Essay about William Shakespeare 's Sonnet I

1732 Words Oct 19th, 2015 7 Pages
A truly talented writer has the ability to transform something hidden into something that can be seen. Intangible feelings and emotions may be transformed into words on a tangible piece of paper. Because of their unusual abilities, the talent of a writer may seem like a blessing. Despite a writer’s ability to turn sparks into fires or madness into art, however, some individuals view the gift of a writer as a curse. In the Charlotte Smith’s “Sonnet I,” the speaker battles negative feelings in regards to her poetic abilities, thus establishing a sad and angry tone. The speaker’s complex viewpoint serves to create a tension so great that not even the sonnet’s ending couplet can resolve the speaker’s internal conflict.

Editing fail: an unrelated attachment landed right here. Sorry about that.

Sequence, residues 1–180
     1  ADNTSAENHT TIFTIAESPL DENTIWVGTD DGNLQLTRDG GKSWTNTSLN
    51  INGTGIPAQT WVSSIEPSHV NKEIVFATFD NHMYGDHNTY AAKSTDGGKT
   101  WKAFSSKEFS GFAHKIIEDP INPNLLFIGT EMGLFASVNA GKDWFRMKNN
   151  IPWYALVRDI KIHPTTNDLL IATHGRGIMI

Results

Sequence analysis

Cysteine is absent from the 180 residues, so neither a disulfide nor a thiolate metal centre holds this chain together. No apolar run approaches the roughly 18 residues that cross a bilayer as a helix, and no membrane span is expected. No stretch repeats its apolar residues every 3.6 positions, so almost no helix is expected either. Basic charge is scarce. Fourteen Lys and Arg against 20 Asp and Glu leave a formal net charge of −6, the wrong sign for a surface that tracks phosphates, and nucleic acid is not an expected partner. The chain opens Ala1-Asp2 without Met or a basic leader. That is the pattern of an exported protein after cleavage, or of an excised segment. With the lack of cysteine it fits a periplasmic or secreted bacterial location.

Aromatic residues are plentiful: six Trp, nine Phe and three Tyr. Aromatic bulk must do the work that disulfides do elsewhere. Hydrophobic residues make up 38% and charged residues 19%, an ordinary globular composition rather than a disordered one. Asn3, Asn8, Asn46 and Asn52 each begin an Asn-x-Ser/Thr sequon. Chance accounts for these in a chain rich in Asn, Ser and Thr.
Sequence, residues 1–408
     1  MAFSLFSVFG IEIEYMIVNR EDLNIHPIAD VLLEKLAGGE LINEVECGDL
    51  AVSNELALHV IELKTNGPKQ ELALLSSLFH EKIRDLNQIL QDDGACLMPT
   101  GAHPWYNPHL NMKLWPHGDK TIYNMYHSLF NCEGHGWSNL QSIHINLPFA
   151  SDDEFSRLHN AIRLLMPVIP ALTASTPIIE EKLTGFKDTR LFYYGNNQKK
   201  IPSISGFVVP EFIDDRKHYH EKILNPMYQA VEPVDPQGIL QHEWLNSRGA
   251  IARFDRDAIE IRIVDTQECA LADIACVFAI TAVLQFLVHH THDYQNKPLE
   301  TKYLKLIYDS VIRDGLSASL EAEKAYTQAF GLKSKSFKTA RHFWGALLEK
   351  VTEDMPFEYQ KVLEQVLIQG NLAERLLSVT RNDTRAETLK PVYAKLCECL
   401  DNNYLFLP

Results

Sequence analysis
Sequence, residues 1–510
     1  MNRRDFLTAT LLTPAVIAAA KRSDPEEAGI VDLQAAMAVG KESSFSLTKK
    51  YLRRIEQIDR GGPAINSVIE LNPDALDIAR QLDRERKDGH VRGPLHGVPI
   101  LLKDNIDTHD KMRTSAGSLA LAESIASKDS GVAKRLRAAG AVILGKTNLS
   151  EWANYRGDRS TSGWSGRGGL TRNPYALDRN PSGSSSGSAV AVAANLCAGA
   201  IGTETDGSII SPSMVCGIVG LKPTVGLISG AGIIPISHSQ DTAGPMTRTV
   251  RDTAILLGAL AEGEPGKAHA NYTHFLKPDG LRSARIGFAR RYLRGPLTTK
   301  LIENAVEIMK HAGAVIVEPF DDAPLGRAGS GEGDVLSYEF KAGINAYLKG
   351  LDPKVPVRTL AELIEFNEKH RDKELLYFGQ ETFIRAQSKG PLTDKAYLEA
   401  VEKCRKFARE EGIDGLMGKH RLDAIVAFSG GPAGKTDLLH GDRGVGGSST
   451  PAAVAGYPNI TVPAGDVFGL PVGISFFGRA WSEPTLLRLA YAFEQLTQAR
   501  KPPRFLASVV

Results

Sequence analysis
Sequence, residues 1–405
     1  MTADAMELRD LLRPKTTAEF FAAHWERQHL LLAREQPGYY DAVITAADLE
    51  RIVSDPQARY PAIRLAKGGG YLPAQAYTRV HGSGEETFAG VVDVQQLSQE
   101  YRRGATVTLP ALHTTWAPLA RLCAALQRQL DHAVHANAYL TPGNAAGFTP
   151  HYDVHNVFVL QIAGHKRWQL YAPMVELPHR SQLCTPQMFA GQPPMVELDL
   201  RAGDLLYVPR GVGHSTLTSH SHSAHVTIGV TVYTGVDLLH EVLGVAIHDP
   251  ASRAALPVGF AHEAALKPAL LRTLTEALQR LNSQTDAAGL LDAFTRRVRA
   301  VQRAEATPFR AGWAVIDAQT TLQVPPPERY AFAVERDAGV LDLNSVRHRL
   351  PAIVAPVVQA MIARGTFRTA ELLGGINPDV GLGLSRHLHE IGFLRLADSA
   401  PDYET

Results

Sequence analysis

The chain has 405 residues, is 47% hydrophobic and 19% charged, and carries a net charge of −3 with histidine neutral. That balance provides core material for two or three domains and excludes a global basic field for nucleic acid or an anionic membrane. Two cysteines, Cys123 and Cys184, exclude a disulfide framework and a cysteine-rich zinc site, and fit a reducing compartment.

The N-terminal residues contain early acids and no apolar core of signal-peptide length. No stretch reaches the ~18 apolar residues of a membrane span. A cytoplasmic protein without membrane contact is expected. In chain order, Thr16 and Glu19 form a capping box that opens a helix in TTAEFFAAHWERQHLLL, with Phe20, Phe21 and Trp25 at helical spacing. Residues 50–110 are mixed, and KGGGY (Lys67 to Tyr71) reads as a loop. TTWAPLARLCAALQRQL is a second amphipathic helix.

Because Smith’s elegiac poem is a sonnet, it follows a very rigid structure. “Sonnet I” is an English sonnet and thus follows the form set forth by William Shakespeare. Like most sonnets, “Sonnet I” is written in iambic pentameter. The lines of “Sonnet I,” then, are comprised of five feet, each of which are composed of a single iamb:
The partial Muse, has from my earliest hours,
Smil 'd on the rugged path I 'm doom 'd to tread,
And still with sportive hand has snatch 'd wild flowers,
To weave fantastic garlands for my head:
But far, far happier is the lot of those
Who never learn 'd her dear delusive art;
Which, while it decks the head with many a rose,
Reserves the thorn, to fester in the heart.
For still she bids soft Pity 's melting eye

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